New High Precision Weapon against Cancer

20. February 2008

It for sure was a little sensation and perhaps the first step on the road to new methods in oncology: Last Wednesday physicians at the University Hospital in Magdeburg/Germany officially applied an open Upright MRI in their fight against cancer.

Actually the idea to apply more and more microtherapeutic methods in addition to classical procedures such as chemotherapy or surgery seems to be quite promising. The show-stopper: The physician uses imaging techniques to bring finest tools into the body of the patient and place them directly in the tumor. There the tools develop their effects – for example direct radiotherapy or atrophy by heat. Due to the pinpoint accuracy of microtherapeutic operations, the surrounding tissue is mainly spared from damage. Not really new – but tested.

Highly precise cancer surgery

The other day in Magdeburg it was about a whole lot more. Because the completely new type of MRI-device provides the necessary free access to the patient during operation – and thus paves the way for synergistic working. "Due to its open construction it gives us physicians free access to the patient we need for a successful surgery", as Jens Ricke, Director at the Klinik für Radiologie und Nuklearmedizin at the University Hospital Magdeburg explains the principle.
What exactly the surgeon will expect in the future was shown live. Using the example of the image-controlled, formerly CT-controlled brachytherapy, the docs demonstrated the true power for this super machine. With remarkable results: The method is capable of destroying tumors and metastases on the spot.
The so-called interstitial brachytherapy is used in Magdeburg as radiotherapy by a radio source the size of a capsule and entered percutaneously. Mainly for atrophy of metastases in liver, lung or lymphatic glands, physicians of the Clinic for Radiology and the Clinic for Radiotherapy join to apply the method. "More studies show promising results for application on primary liver cell-, bile duct- and kidney cell tumors as well", as we heard from Magdeburg the other day and: Instead of the common CT, the MRI might be the future eye of the surgeon.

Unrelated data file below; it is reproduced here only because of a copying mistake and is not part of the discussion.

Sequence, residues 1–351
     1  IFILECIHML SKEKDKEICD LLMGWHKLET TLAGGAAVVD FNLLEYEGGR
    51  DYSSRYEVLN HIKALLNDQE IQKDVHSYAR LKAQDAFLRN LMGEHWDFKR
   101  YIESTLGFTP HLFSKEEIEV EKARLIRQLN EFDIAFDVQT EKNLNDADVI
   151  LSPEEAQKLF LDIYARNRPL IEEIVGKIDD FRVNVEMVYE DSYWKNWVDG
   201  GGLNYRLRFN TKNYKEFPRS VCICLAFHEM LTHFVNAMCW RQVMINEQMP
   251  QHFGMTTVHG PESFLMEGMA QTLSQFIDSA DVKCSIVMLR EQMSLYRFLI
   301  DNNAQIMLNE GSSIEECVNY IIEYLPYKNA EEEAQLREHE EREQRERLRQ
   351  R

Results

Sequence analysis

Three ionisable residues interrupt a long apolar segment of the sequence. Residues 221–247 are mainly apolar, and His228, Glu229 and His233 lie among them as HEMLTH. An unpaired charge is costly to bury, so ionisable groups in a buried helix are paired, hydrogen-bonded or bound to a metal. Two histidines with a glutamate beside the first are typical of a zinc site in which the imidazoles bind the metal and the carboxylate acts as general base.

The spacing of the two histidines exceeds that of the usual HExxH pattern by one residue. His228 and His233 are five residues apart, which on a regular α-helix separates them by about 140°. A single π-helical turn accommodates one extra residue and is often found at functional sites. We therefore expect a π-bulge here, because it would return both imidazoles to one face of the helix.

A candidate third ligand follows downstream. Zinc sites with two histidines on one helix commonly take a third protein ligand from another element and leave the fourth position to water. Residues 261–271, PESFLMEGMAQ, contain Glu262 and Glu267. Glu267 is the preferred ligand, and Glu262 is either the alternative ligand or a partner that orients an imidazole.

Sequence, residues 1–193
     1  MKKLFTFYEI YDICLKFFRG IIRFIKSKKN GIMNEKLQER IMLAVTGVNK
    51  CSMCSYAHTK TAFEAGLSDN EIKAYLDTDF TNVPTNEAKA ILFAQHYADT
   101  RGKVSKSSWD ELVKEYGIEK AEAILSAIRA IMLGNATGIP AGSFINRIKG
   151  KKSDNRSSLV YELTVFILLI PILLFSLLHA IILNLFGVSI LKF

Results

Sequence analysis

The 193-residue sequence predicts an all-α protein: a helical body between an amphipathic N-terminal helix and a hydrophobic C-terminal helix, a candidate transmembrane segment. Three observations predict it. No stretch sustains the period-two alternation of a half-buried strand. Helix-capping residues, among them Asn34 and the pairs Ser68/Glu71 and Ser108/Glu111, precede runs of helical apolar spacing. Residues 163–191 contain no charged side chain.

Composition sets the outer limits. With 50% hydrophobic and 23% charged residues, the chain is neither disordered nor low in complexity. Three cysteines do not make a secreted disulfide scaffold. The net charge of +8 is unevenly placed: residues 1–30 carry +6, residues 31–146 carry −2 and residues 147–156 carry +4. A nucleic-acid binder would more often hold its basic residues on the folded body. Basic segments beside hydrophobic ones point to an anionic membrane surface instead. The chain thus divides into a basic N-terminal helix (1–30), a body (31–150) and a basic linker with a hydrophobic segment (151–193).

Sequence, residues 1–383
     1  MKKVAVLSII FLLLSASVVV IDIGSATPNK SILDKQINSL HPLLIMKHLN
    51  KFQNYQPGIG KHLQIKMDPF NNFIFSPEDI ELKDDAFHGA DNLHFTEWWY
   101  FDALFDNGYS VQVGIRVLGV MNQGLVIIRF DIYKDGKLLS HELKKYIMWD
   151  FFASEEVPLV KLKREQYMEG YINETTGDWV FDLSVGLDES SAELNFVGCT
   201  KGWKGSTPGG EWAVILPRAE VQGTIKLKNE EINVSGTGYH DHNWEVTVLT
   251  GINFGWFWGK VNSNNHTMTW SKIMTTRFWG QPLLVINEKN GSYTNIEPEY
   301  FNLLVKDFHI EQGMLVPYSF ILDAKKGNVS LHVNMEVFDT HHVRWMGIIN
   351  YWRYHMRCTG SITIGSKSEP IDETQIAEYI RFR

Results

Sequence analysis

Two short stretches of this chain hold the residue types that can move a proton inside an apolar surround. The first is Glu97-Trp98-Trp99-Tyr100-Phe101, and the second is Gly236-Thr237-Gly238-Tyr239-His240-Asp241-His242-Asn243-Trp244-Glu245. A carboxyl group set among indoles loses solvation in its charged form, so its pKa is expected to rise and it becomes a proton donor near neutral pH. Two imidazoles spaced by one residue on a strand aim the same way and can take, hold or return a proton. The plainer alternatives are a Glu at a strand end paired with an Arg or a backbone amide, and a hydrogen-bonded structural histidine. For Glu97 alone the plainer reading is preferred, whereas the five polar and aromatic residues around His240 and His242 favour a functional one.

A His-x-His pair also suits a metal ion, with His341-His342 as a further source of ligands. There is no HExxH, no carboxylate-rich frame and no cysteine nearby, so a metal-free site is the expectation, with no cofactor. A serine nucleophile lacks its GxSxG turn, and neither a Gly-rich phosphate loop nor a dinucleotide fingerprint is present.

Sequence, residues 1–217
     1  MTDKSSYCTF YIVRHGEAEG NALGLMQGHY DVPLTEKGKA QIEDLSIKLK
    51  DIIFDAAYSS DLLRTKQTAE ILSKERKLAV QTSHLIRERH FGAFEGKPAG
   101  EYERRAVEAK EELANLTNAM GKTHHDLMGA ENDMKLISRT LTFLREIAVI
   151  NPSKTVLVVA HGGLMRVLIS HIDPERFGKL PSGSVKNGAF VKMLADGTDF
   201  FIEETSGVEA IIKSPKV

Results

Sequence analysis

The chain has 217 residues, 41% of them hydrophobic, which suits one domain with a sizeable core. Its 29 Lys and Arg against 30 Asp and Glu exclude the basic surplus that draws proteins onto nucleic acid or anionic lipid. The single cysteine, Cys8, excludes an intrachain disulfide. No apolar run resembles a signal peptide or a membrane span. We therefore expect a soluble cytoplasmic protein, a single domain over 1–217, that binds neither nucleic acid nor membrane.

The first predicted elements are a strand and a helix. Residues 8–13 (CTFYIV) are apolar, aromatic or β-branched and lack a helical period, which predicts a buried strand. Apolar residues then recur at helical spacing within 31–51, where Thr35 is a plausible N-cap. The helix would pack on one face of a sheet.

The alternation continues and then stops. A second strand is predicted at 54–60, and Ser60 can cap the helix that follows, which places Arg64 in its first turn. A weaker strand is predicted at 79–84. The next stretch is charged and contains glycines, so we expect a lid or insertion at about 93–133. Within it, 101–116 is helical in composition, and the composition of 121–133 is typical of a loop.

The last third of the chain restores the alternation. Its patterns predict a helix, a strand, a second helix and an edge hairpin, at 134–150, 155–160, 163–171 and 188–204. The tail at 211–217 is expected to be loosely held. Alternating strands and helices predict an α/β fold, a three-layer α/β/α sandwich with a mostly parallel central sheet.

We are talking precision finishing here

To begin with, the radiologist places catheters at defined positions in the tumor aided by local anesthesia and image control. After thorough dosimetric planning by the radiotherapist, capsules loaded with radioactive Iridium 192 are entered into the body via those catheters. After the exact placing and planning, the Iridium 192 will deliver an exactly defined, highly dosed irradition in the tumor for a few minutes. And – this is the novelty – all this due to the exact view into the body: The high precision of the irradiation spares most of the surrounding tissue from damage. The method would be similarly applicable without MRI – but by far not as precisely and under additional radiation exposure for the patient.

Only as of recently and worldwide for the very first time at the University Hospital of Magdeburg, this type of operation is controlled by the aid of the now officially presented open Upright Magnetic Resonance Imaging Device (MRI). It just seems a question of time to the people in Magdeburg, when new fields of operations will be pushed in addition to the use of the established microtherapeutic methods of today as becoming obvious during the development project co-operation between the Clinic for Radiology and Nuclear Medicine and Philips, the manufacturer of the MR-scanner.

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